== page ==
“He died for us so that, whether we are awake or asleep, we may live together with him.”- 1Th 5:10
Last week we talked about how Christians ought to be awake and alert for the coming of the Lord. But that doesn’t necessarily mean that you’ll be left behind if you’re caught unawares. The Greek word translated “asleep” in this week's verse (1Th 5:10) is from the same root as the one translated “sleep” in verse 6 where the reference is to spiritual lethargy. It is a different one from the word translated “asleep” in 4:13, 14, and 15 where the reference is to physical death. God will snatch away all Christians whether watchful or un-watchful at the Rapture.
This week, I want to talk briefly about the death of Christ. We speak of the death of Christ as a “work” that He performed, because it resulted from a definite choice on His part, when He could have avoided it. It is a “work” also because of what it accomplished for the beneficiaries of that death. This usage of the term “work” is clearly justified by the Biblical conception of the purpose and meaning of Christ’s death.
“The reason my Father loves me is that I lay down my life—only to take it up again. No one takes it from me, but I lay it down of my own accord. I have authority to lay it down and authority to take it up again. This command I received from my Father.”- Jesus (Jhn 10:17-18)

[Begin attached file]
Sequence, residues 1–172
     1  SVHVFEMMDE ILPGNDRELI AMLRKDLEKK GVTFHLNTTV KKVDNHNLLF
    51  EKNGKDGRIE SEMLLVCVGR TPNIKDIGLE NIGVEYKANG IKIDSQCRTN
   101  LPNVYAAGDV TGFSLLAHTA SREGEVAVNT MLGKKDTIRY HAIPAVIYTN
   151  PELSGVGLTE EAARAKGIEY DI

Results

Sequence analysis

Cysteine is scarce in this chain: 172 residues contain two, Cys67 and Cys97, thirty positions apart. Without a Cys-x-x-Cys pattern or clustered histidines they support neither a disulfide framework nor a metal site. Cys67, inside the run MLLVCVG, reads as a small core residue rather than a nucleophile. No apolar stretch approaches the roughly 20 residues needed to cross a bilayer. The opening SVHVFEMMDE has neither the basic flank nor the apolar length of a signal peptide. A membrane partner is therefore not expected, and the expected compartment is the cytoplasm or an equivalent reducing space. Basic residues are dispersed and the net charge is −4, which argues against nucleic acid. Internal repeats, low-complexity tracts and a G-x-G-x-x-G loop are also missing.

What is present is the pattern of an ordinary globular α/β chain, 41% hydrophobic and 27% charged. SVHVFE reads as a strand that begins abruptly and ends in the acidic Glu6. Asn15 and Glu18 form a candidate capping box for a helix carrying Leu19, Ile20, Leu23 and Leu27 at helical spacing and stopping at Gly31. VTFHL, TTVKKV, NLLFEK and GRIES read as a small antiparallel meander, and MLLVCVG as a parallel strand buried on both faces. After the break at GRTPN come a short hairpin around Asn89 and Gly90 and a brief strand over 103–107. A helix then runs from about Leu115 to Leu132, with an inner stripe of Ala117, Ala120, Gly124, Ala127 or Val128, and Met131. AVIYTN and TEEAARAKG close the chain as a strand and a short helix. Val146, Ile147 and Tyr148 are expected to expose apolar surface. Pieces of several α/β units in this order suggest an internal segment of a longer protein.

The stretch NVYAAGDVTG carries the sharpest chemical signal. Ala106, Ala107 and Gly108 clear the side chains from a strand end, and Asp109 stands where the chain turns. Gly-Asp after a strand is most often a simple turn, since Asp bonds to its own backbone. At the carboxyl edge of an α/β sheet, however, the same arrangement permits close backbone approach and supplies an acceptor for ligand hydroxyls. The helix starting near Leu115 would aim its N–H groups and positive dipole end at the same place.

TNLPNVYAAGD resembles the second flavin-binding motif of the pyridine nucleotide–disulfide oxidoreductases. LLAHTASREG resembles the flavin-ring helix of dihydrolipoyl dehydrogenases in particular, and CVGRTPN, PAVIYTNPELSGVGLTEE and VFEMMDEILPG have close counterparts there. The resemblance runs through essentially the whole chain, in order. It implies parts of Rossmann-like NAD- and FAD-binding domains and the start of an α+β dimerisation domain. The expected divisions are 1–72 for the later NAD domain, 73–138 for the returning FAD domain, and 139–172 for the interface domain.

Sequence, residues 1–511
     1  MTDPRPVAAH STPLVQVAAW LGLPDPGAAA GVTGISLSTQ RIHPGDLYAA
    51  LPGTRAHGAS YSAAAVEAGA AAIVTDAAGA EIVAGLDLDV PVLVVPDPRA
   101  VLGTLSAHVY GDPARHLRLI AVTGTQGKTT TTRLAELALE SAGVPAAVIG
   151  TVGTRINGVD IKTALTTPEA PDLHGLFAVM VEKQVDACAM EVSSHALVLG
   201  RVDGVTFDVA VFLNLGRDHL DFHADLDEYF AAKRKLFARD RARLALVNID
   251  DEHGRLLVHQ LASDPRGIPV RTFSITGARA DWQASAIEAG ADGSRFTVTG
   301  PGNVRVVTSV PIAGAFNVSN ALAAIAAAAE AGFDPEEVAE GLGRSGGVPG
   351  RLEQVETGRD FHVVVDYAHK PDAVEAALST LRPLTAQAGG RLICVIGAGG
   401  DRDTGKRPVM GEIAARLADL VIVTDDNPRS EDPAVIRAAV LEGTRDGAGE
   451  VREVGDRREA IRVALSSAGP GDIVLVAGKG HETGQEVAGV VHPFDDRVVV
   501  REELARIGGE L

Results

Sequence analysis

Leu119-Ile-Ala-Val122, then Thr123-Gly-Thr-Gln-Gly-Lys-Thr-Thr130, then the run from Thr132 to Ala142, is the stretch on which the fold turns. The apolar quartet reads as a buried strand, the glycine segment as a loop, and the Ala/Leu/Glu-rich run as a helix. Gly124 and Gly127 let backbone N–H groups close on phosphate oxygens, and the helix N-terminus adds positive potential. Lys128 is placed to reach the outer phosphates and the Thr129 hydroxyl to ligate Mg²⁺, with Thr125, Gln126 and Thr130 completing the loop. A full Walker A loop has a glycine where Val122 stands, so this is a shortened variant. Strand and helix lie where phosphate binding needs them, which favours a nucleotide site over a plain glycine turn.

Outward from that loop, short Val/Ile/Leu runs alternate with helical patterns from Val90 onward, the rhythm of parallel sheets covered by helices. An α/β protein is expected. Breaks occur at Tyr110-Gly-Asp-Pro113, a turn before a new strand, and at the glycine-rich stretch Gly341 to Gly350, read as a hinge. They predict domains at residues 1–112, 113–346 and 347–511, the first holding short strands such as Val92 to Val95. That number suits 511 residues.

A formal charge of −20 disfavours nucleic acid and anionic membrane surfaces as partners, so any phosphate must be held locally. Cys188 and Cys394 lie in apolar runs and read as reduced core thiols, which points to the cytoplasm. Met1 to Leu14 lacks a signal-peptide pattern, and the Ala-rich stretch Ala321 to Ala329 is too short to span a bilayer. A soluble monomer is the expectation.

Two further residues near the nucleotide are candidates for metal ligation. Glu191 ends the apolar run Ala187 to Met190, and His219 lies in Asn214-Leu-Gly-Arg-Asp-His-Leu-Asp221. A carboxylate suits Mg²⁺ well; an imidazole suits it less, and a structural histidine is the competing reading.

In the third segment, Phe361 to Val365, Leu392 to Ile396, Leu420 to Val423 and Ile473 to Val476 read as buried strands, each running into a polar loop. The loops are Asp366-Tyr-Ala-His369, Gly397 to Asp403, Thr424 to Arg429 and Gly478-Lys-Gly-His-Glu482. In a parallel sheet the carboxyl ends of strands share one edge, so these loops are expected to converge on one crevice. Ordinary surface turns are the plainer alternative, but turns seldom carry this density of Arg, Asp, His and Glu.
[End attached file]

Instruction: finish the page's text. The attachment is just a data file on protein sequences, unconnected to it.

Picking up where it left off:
When Jesus says that no one takes His life from Him but that he lays it down willingly, it sounds like Jesus was talking about committing suicide. In fact, this kind of talk previously caused people to think Jesus had meant exactly that (Jhn 8:22). But, of course, He didn’t (Jhn 8:37, 40).
Death by crucifixion offers someone the unique opportunity to choose when they will die. What do I mean by that? Well, the cause of death from crucifixion is actually asphyxiation. The way the body is nailed to the cross makes it necessary for the victim to push themselves up with their legs, using the nails in their feet as a kind of “platform” to allow the ribcage enough space for them to inhale. Then they collapse back down due to the agony in their feet. That is how they would breath every excruciating breath. That’s also why the guards were ordered to break the legs of the thieves (Jhn 19:31) instead of, perhaps, stabbing them to death. Breaking the legs stops the procedure I mentioned. No standing on that nail “platform” means no breathing. Breaking the legs would speed up the type of death that crucifixion was meant to bring about. Asphyxiation.
However, the victim of crucifixion could simply choose not to draw their next breath. Jesus could choose not to prolong His life.
“Then Jesus uttered another loud cry and breathed his last.” - Mar 15:37 (see also Luk 23:46)
Jesus didn’t commit suicide because of the circumstances of His execution. At the same time, no one took His life because He willingly gave it up (Jhn 19:33). Ironically, Roman crucifixion is the only kind of public execution at that time that would allow Jesus to make such a claim in its fullest and most significant fashion.
So! What do you think about the Lord’s death? Does it have significance to you? Does it pull at your emotions? Perhaps it makes you feel grateful and loved? Let us know in the comments! As always, we’d love to hear from you!
See Thomas R. Edgar, “The Meaning of ‘Sleep’ in 1 Thessalonians 5:10
Journal of the Evangelical Theological Society 22:4 (December 1979):345-49.